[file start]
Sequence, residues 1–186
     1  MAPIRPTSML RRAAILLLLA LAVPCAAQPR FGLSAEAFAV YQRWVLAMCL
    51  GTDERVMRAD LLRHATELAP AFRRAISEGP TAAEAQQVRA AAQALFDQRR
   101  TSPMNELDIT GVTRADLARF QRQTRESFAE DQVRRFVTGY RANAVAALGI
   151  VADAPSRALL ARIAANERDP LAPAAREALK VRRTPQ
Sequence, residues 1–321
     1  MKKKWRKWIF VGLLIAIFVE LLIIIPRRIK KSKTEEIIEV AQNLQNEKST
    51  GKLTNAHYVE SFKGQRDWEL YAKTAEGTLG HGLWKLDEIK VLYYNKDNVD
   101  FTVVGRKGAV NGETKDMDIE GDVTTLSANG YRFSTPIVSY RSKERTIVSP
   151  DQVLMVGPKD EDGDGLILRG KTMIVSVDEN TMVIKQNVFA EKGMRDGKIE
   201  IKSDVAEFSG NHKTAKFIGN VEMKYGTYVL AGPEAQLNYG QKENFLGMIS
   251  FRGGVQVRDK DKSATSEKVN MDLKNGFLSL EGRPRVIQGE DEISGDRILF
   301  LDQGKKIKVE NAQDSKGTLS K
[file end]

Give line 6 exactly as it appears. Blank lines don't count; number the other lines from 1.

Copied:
Sequence, residues 1–321